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Leadership Techniques

There are three types of leadership technique- authoritarian, democratic and laissez-faire.Under the authoritarian technique the leader determines the policy procedures and activities in the group. Under the democratic technique the leader encourages participation by members in deciding group matters and behaves in a friendly helpful manner to the members giving technical assistance and suggesting alternative procedures. In the laissez-faire technique the leader allows complete freedom for decisions and activity keeping his own initiative and suggestions to a minimum.

Authoritarian leadership induced greater dependency on the leader, marked inter-member irritability and aggressiveness, low frequencies of suggestions for group action and group policy, dissatisfaction group activities and high quantity but low quality of productivity. Under laissez-faire leadership the group showed little dependency on the leader. Democratic leadership also produced low dependency on the leader. There is no denying the fact that the democratic technique is a human relation approach which is in keeping with democratic values. It increases independence for all group members and hence increases their morale. But it cannot be applied fully. The advantage of democratic leadership depends upon the demands of the situation, the distribution of skills within the group and the group's expectations as well as other factors. Gibb notes it is common in our culture at the present time to place negative values on authoritarian leadership. Much of this attitude seems to be due to a prolonged period of ideological opposition to cultures authoritarian organized.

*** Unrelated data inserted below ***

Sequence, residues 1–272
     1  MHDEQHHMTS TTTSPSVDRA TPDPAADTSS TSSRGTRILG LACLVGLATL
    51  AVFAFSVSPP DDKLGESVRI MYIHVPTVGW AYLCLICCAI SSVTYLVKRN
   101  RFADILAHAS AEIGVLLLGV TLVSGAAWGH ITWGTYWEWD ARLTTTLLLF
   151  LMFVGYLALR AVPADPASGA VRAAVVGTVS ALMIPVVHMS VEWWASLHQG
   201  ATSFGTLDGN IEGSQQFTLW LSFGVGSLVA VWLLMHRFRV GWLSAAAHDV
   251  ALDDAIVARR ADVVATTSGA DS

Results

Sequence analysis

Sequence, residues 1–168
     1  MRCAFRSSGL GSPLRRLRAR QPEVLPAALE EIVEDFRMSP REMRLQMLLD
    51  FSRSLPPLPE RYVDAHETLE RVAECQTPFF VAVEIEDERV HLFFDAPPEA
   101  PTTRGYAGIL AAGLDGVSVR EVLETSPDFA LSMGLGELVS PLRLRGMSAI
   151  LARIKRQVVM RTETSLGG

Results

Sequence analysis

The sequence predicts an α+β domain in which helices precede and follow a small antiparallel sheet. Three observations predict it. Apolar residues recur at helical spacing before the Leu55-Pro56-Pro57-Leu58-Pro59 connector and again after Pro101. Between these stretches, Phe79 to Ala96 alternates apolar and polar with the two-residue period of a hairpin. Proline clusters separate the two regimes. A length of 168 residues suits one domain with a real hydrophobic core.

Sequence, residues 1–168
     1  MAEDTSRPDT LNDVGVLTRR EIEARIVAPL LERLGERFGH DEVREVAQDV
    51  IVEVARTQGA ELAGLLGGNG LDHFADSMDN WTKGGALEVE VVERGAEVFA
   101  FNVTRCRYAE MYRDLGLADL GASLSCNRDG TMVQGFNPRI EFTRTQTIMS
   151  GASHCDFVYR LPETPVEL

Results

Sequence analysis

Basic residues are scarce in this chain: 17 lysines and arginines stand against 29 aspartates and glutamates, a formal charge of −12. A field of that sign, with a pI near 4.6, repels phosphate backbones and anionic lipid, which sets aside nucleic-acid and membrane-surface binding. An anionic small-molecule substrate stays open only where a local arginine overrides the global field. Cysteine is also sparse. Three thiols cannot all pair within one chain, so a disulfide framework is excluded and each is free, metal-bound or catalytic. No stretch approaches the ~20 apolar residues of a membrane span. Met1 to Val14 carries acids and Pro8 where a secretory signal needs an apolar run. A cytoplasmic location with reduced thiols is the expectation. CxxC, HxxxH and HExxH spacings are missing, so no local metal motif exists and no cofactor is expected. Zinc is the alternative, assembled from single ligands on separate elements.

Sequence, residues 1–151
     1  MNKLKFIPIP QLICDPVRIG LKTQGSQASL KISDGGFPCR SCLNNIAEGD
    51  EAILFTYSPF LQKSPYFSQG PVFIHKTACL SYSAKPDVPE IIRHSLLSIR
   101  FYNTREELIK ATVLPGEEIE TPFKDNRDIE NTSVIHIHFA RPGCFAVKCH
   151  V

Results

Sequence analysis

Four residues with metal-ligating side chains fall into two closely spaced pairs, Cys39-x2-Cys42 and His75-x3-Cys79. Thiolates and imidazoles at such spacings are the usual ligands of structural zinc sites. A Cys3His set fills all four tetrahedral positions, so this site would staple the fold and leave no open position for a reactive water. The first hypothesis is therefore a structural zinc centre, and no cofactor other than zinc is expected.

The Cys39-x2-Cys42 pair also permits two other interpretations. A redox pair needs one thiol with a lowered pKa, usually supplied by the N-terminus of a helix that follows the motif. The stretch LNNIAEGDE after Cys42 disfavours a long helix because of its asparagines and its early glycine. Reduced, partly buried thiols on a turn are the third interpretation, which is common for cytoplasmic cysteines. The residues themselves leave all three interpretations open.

The tendency is to think of authoritarianism in its most extreme form of headship and denounce all forms of individual authority over others. Studies of group action reveal that in certain circumstances authoritarian leadership is highly valued. Under certain situations an authoritarian form of leadership may be more effective. Such situations may of those where the group is faced with a need for emergency action. The leadership techniques have to be related to the attitudes of the membership to the particular form of relation among the members including the leader and functions as a part of the group structure. These are to be reality oriented. Gibb writes it is important that we recognize authoritarianism and democracy as poles of a continuum neither of which is wholly good or wholly bad, but which represent extremes of variable leadership techniques that should be adapted to all the elements of the situation, culture, personality, content, structural, inter-relations and task.

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